Bertha Lewis (47169)

On Jan. 13, the U.S. Department of Health and Human Services shifted its focus to urge states and localities to make COVID-19 vaccines available to all U.S. residents age 65 and older. The state’s change in policy substantially increased the number of eligible recipients here, from approximately 2 million to 7.1 million.

This week, the vaccination process opens to those with underlying conditions that present a greater risk for those who contract COVID-19. Included on this list are those suffering from Chronic Kidney Disease, with the majority of those receiving dialysis treatment every week.

Unfortunately, the long discrimination against this group—which includes a disproportionate number of the same people who have been most vulnerable to COVID-19, minorities, seniors and those with underlying conditions—has had a severe impact on their everyday lives. It is unclear whether anyone representing dialysis patients was on the Vaccine Distribution and Implementation Task Force that developed New York State’s COVID-19 vaccination program, which could have meant earlier inclusion in the vaccination program.

This lack of representation is an affront to the 500,000 individuals receiving dialysis in the United States, especially here in New York where more than 30,000 patients receive treatment statewide.

Almost 90% of all dialysis patients must undergo multi-hour treatments three times per week in a dialysis center. Many of them are treated at private centers that operate seven days per week. This requires individuals to leave their homes, often traveling on public transportation, and sit in an enclosed space for hours alongside other patients.

The majority of those receiving dialysis are minorities, seniors and those with underlying conditions. These are the same groups that have shown a higher risk already of contracting COVID-19.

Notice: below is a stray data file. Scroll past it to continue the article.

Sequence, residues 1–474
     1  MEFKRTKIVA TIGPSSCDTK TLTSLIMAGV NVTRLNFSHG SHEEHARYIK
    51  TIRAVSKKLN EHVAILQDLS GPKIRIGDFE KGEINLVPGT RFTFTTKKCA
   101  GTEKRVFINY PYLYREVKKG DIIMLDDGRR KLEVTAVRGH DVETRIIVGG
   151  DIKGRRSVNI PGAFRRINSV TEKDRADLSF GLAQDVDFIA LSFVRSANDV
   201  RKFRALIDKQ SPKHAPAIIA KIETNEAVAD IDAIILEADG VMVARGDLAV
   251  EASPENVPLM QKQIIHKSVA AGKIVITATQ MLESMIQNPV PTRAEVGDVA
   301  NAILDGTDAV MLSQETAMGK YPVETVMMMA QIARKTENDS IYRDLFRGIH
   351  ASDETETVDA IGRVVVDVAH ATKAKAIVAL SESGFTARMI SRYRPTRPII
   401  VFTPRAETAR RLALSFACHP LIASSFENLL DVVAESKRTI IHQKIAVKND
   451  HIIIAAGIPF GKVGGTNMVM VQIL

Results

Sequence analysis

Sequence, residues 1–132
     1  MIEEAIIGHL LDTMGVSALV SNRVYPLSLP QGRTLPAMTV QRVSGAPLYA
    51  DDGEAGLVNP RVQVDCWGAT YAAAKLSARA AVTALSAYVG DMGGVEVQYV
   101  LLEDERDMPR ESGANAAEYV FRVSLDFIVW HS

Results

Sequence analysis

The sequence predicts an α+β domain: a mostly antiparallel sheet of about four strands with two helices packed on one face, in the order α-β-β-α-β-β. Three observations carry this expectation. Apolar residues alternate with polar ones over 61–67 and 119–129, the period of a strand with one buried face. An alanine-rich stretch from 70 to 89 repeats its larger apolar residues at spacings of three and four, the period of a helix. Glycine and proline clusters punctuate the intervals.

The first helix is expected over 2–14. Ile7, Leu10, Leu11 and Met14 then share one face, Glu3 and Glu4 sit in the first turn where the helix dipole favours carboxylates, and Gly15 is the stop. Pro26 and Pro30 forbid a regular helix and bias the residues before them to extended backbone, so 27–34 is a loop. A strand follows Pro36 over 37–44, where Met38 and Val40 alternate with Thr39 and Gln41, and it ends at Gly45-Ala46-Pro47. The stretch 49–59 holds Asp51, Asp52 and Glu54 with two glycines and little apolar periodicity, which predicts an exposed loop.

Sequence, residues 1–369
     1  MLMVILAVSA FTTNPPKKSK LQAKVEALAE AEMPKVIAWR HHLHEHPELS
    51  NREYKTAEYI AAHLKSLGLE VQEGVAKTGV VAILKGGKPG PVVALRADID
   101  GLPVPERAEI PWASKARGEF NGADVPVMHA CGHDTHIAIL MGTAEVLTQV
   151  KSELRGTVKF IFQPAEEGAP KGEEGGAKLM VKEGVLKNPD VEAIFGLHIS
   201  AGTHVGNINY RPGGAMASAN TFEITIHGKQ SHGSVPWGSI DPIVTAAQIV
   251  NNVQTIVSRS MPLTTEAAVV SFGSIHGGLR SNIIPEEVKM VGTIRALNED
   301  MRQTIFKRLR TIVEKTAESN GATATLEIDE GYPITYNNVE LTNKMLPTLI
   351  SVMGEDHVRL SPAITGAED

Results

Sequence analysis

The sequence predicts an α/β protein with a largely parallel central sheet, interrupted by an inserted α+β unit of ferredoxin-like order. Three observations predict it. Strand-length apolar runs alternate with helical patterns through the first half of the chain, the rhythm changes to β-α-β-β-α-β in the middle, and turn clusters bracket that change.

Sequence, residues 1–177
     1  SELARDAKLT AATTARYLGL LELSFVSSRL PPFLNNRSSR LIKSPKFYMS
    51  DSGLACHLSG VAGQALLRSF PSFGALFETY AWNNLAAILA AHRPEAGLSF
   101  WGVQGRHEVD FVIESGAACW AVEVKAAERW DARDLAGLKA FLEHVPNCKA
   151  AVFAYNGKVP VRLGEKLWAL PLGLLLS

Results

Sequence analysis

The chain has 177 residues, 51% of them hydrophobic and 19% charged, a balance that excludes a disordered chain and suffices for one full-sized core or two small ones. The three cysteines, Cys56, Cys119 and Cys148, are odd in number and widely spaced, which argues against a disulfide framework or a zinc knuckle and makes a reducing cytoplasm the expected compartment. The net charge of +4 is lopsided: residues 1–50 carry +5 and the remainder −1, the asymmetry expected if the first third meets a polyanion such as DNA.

Recent reports have found that dialysis patients face an increased risk of death, with a mortality rate of 25% for those who are diagnosed with COVID-19. The virus can have a devastating impact on these patients, as approximately 40%-50% of those who are hospitalized for COVID-19 develop acute kidney injury.

Yet we have a vaccination program that for months failed to assign any special priority to this burgeoning population.

We know that it’s going to be several more months before we have enough vaccination shots available for everyone. But there is plenty we can do in the meantime to ensure that every available shot is utilized as quickly as possible for those who need it the most.

While prioritizing these patients is a good first step, it is not nearly enough to actually help patients. To further ensure equitable distributions, they must put more mobile vaccination centers in low-income communities that have both walk-in hours and scheduled appointments available.

They should turn more existing healthcare facilities into vaccine distribution centers. This includes training staff at these locations to receive vaccine doses and distribute them to those living or visiting those locations—for example, vaccinating dialysis patients in the course of a visit to a facility. This will shorten lines and wait times for other citizens while ensuring the most vulnerable do not have to worry about finding a time and place to be vaccinated.

This is a time for creative thinking and new initiatives.

Simply doing what we’ve always done is not enough.

Bertha Lewis is a community organizer and the founder and president of The Black Institute.